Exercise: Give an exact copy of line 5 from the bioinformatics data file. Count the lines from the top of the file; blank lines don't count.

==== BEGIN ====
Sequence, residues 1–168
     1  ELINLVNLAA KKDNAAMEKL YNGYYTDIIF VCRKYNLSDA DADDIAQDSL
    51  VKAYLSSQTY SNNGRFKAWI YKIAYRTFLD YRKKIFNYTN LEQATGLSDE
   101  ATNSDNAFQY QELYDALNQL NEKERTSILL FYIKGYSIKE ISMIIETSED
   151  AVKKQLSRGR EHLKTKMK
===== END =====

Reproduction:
   151  AVKKQLSRGR EHLKTKMK